Monday, August 20, 2007

Arcade Fire: Neon Bible review

Neon Bible
The Arcade Fire
Sonovox Records
Release Date: March 6th

It’s a wonder that Arcade Fire survived these last few years. After their full-length debut Funeral received nods from David Bowie and U2, the group’s popularity skyrocketed, propelling them to “hesitant poster-children of indie rock” status. Tour dates were sold out, the venues became bigger, and ostentatious college kids across the country had found their fix.

Managing, however, to escape with dignity fully intact, they proceeded to hide away in a Quebec church to record their next album, Neon Bible, a lush and atmospheric marvel that sees the band expanding further on its diverse instrumentation, and featuring all the somber mindset and cryptic lyricism you’ve come to expect from these folks.

Opener and first single “Black Mirror” is classic AF, with angrily-strummed acoustic chords, steady percussion, and quirky background piano flourishes, all set against some paranoid, apocalyptic poetry. “Keep the Car Running” is strikingly bright, with its John Mellencamp-meets-The Cars vibe, and the title track, a pointed critique of modern organized religion, is the album’s quiet diamond.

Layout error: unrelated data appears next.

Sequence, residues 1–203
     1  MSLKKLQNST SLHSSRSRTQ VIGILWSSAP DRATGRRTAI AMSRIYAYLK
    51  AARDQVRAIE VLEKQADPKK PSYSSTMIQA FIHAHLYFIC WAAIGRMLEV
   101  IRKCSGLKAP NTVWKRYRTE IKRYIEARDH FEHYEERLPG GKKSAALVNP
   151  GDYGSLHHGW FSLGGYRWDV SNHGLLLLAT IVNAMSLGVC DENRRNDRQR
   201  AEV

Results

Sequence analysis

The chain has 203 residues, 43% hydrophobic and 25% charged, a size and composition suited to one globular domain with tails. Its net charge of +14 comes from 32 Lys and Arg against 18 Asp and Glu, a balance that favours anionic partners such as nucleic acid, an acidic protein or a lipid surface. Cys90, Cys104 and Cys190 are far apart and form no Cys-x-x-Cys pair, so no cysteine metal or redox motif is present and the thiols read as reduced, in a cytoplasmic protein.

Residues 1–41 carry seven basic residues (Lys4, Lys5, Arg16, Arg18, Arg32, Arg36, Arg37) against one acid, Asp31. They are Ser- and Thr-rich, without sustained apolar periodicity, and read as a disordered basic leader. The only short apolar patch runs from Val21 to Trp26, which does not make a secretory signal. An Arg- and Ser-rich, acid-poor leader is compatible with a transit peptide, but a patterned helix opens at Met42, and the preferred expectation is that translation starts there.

The major standouts here are “Intervention,” an organ-filled heartbreaker about a soldier’s futile war, and “The Well and the Lighthouse,” which sees the band seamlessly blending almost endless layers of instruments, eventually segueing into a 1950s teen idol ballad tempo.

Neon Bible contains few surprises; if you didn’t like Funeral, you’re not going to like this one. Arcade Fire is one of those rare bands that can take you to heaven just as easily as to hell. I suggest you follow them.

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